With one of the largest projects ever untaken by Mattapoisett about to begin, the Mattapoisett Board of Selectmen met the winning engineering team on February 16. It didn’t take long, however, before the gauntlet was thrown into the middle of Main Street.
The project is the 25% design of the town’s historic village streets. With both state and federal funding weighing in the balance, the 25% design will allow the Town to advance through Mass DOT’s process as it vies for TIP funding (Transportation Improvement Program).
VHB, a large corporation whose offices span the eastern seaboard from Maine to Florida, made the cut after vetting by Highway Superintendent Barry Denham, Town Administrator Michael Gagne, and the Town’s peer review team of Bob Field and Jon Connell of Field Engineering.
Gagne gave a detailed report on the vetting process that included determining the capabilities of the firms in competition to complete 200 specific tasks on time and on budget. He reminded everyone that during town meeting, the voters had passed an article authorizing $300,000 in monies from free cash for this project.
But Selectman Jordan Collyer took exception to VHB’s expertise.
“You guys worked on the bike path. It is my humble opinion you did a poor job … were over budget…. To be quite forthright, VHB left a sour taste in my mouth … [I’m] less than pleased over the performance and customer service.”
This comment seemed to surprise the VHB engineers. VHB’s Jamie Pisano, director of transportation engineering, and Joseph Wanat, managing director, both stepped forward to address Collyer’s concerns.
While Pisano concurred there had been problems in achieving an on-time and on-budget program during the development of the bike path design, he said that unforeseen problems such as the Town’s right to the railroad easement could not have been built into the project scope. Both Pisano and Wanat assured the selectmen that new scheduling failsafe processes are utilized, making cost estimates and timetables easier to achieve.
Denham said oversight would be handled by Field Engineering, whose ability to analyze VHB documents to keep project costs in line was not only critical but something he trusted without question.
Denham said he was unaware of any glaring problems with VHB during the bike path project and that subsequently other firms found difficulties with the bike path site, driving costs up. He also said the finished portion of the bike path was a “good product” in spite of surrounding wetland issues.
VHB, Denham, and Field Engineering also discussed the importance of VHB’s ability to identify “non-conforming” designs – designs that the townspeople may want versus what state and or federal guidelines dictate.
Gagne said that when VHB reaches the 10% marker, they would be able to help the Town lobby regulators for acceptance of locally desired options. Given the character of the village streets, all felt that this capability was critical to the end result.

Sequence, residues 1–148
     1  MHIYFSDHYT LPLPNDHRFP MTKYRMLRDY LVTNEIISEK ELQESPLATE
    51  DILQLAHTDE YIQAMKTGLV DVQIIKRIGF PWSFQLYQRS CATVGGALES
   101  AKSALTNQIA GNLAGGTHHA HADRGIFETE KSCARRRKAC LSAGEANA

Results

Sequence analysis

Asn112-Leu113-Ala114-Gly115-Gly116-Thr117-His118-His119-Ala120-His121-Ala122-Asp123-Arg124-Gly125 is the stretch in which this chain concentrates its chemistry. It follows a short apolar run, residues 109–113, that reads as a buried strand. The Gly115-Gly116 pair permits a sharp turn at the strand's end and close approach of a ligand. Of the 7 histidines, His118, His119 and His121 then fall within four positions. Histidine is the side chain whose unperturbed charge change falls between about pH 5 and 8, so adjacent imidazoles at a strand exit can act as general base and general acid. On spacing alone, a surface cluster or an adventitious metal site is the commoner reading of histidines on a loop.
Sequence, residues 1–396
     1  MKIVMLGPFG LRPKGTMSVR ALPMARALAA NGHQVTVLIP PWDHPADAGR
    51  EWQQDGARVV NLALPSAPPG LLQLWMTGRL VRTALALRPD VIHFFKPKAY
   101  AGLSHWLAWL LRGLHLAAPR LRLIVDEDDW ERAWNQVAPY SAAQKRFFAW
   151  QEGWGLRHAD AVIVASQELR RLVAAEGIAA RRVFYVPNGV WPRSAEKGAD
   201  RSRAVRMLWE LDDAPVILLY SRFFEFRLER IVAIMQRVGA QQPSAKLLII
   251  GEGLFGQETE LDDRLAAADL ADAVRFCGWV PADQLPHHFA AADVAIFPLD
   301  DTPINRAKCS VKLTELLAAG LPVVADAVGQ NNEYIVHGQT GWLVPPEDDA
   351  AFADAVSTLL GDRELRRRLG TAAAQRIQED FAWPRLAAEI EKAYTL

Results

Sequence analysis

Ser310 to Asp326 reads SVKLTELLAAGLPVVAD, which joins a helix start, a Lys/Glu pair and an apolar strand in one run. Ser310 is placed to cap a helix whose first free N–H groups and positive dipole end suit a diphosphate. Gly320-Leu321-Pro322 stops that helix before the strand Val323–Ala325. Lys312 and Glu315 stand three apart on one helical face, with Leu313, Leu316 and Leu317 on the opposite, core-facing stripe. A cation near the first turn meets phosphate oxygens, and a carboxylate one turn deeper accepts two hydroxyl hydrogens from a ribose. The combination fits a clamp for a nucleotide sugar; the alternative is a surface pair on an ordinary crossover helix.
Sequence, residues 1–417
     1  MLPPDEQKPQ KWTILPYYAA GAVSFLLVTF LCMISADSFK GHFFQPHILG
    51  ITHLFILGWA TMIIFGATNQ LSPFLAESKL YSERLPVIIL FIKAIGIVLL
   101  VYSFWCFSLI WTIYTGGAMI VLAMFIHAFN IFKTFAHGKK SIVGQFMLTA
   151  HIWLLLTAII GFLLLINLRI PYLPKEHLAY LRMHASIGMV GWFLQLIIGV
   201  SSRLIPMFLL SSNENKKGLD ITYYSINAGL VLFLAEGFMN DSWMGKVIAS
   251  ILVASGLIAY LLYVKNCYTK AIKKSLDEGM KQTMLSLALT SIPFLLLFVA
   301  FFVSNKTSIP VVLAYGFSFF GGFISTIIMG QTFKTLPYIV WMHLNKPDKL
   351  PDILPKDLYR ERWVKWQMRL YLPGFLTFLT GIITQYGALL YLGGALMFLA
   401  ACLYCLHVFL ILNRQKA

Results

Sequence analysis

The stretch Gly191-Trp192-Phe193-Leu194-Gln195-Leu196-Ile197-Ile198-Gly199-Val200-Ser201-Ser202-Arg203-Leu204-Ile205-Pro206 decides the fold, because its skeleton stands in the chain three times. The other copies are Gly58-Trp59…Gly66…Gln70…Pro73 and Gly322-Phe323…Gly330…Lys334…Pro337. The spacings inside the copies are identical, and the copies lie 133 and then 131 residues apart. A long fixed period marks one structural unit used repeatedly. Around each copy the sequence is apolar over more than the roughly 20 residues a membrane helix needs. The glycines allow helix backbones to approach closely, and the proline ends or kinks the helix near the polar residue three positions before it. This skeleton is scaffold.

VHB ultimately received a unanimous vote from the selectmen.
In other matters, a letter received from Shellfish Warden Kathy Massey regarding the aquaculture application from Nick Wright was discussed.
In her letter to the board, Massey wrote that the proposed area would not conflict with shore activities and water depths were such that there shouldn’t be a conflict with scallop harvests.
The selectmen voted to send a letter to the Division of Marine Fisheries that would allow a survey of the area. Wright’s application is pending further review.
Also during the meeting, Gagne reported that the Town’s elected boards members may, under a state provision, allow remote open meeting participation.
He said specific reasons for participating remotely must fall in one of the following categories: personal illness or disability; emergency; military service; or geographic distance.
While Selectmen Tyler Macallister and Collyer were in favor of the provision, Selectman Paul Silva wanted more time to think about it saying, “I’m not sure.” Silva added, “I’m afraid people elected to boards might take the easy way out doing it remotely and not attend…. We’ve survived for a hundred years without it; we can survive a couple of weeks.”
The item was tabled until the first meeting in March.
The selectmen approved the use of public spaces for a variety of activities that includes Ned’s Point where a summer homecoming picnic is planned by the Mattapoisett Congregational Church, as well as summer yoga classes, summer tai chi classes, and the Mattapoisett Road Race and Lion’s Club Triathlon. Shipyard Park was approved for use by the Lions Club for their annual Harbor Days, summer movies, Easter Egg Hunt, Earth Day Clean Up and Children’s Fall Festival. Approval was also granted for summer band concerts, car shows, and a square dance for Shipyard Park. In other locations around the town, the Pilgrim Sands Trail Riders will hold events at the Mattapoisett transfer station, the Mattapoisett Land Trust will host the Tour de Crème bicycling event, and Helping Hands and Hooves will hold their annual Christmas Day plunge.
The next meeting of the Mattapoisett Board of Selectmen is scheduled for February 28 at 6:30 pm in the town hall conference room.
By Marilou Newell